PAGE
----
Riverside County’s Local Agency Formation Commission approved the annexation of about 2,600 acres to Corona that will extend the city’s boundaries well to the southeast.
But the annexation of Eagle Valley will go into effect only when the unincorporated community of El Cerrito files an annexation petition of its own, a process that could take six months. El Cerrito is sandwiched between Corona and Eagle Valley, and residents in the rural enclave appear divided on whether to become part of the city.
The city must also complete an agreement with the California Department of Forestry to provide wildfire protection to the area.
Still, the commission’s 6-1 decision was a victory for Corona officials, who see Eagle Valley as a key link toward expansion. If the annexation goes forward, the city would gain a contiguous border to expand to the east toward Lake Mathews and farther south in the Temescal Valley.
“We are anticipating there will be somewhat of a domino effect down the (Temescal) Canyon when this goes forward, and in particular if El Cerrito is annexed into the city,” City Manager Bill Garrett said.
The city of Corona, with a population of 76,000, would pick up about 3,000 new residents if El Cerrito is annexed.
An Orange-based developer is planning to build 3,000 homes, apartments and condominiums on 1,100 acres in Eagle Valley, an isolated area southeast of Corona dotted with citrus groves. The commission had refused to approve the annexation of Eagle Valley twice before until disputes over traffic, fire protection and water delivery were settled.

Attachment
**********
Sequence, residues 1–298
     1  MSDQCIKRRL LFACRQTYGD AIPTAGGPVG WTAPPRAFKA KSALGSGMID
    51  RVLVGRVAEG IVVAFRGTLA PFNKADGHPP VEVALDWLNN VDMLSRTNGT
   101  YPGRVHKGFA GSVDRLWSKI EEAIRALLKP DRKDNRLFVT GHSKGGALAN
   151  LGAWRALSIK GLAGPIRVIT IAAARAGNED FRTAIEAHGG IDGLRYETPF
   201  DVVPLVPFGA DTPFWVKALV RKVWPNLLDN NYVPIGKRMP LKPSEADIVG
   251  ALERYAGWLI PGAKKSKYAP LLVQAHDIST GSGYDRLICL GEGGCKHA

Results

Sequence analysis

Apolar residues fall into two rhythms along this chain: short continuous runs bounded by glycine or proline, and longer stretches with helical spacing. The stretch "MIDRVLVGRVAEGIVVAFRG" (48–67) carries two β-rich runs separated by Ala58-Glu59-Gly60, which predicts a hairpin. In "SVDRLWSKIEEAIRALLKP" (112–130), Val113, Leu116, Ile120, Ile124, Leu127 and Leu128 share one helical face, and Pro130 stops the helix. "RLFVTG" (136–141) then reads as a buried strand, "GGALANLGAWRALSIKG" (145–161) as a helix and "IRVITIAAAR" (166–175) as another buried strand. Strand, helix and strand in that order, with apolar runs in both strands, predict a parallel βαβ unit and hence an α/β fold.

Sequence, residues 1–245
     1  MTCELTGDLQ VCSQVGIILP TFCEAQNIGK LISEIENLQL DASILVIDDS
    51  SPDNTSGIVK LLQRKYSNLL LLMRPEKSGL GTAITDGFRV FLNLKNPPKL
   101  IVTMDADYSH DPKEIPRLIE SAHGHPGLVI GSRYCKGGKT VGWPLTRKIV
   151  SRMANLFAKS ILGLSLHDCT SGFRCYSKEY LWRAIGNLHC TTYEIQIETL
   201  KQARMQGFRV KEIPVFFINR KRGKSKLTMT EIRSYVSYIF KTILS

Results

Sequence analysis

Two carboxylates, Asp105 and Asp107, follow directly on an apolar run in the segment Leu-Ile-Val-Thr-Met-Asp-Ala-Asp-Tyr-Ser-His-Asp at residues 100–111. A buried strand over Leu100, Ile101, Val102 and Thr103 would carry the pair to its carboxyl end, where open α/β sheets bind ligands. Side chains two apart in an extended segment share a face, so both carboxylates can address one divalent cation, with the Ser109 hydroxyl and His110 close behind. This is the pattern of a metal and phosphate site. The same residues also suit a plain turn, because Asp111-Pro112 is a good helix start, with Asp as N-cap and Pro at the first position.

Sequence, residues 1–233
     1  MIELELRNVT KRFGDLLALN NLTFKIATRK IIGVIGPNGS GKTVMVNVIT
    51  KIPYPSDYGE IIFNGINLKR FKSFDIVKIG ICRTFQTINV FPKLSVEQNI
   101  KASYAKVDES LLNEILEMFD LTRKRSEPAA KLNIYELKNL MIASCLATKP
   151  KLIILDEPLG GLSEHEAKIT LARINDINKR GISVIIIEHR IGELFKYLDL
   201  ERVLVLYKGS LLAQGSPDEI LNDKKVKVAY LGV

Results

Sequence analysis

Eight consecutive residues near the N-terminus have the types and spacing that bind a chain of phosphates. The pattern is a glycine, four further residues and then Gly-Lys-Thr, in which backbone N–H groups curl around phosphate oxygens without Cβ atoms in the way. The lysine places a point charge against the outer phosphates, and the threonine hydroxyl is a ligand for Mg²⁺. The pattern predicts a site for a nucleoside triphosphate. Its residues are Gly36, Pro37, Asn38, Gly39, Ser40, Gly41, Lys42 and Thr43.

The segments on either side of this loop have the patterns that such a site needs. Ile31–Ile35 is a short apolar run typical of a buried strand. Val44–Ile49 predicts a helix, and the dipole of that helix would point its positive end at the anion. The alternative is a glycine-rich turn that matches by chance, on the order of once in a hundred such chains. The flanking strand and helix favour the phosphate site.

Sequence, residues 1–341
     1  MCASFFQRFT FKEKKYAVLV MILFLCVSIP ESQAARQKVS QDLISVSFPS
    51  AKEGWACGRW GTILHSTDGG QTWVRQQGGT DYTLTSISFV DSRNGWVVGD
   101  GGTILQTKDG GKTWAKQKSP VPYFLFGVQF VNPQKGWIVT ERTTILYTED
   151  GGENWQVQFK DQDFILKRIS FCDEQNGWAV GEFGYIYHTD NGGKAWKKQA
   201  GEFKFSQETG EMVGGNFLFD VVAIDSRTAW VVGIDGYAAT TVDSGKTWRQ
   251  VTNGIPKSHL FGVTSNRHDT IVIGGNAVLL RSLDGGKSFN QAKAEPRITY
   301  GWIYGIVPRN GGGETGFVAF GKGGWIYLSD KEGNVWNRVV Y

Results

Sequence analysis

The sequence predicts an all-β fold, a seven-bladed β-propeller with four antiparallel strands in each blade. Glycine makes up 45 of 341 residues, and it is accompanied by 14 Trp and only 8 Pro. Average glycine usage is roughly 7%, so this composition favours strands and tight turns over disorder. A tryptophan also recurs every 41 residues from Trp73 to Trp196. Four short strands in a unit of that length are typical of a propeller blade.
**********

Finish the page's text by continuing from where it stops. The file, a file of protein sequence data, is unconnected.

The County Board of Supervisors recently approved plans to widen roads in the area. In addition, an agreement was worked out in which the Western Municipal Water District would provide water for the area while Corona would be in charge of sewage.
Even so, several rock mining companies in the area say that residents of homes built so close to their sites could encroach upon their operations. One company argued that new residents would raise objections to their blasting and force them out of the area.
“Mining can be a very noisy business,” said David Saunders, an attorney for 3M, which has a 1,200-acre site west of Eagle Valley. “There’s an old saying in the mining business, and that is that rocks don’t vote. . . . Mining companies often lose.”
City officials say that Eagle Valley is isolated by ridgelines and that developments elsewhere have been built close to mining sites with little disruption.
Two pieces of property just north of El Cerrito will be included in the annexation even though the property owners oppose the move. The land is the main link between Corona and Eagle Valley, and without it the annexation could not go forward.
Some El Cerrito residents fear that annexation would lead to urban sprawl and create heavy burdens on traffic through their rural area.
“I could live in Corona if I wanted to,” said Betty Altenburger, an El Cerrito resident. “But I don’t want to live there. I like living in the county atmosphere.”
Still, El Cerrito Citizens for Annexation is moving forward with its plans, saying that the area will benefit from better services and will have more control on development of the surrounding region.